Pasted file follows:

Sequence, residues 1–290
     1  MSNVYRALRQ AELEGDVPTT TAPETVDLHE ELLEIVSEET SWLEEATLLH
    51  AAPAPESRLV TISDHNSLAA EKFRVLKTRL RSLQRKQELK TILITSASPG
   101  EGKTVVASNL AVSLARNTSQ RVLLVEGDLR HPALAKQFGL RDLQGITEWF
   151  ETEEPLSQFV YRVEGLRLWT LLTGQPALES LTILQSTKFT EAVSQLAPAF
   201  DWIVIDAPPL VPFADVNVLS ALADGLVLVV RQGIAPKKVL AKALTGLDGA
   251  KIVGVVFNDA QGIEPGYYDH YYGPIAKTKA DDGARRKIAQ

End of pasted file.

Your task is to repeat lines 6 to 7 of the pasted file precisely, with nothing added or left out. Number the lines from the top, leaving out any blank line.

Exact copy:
   201  DWIVIDAPPL VPFADVNVLS ALADGLVLVV RQGIAPKKVL AKALTGLDGA
   251  KIVGVVFNDA QGIEPGYYDH YYGPIAKTKA DDGARRKIAQ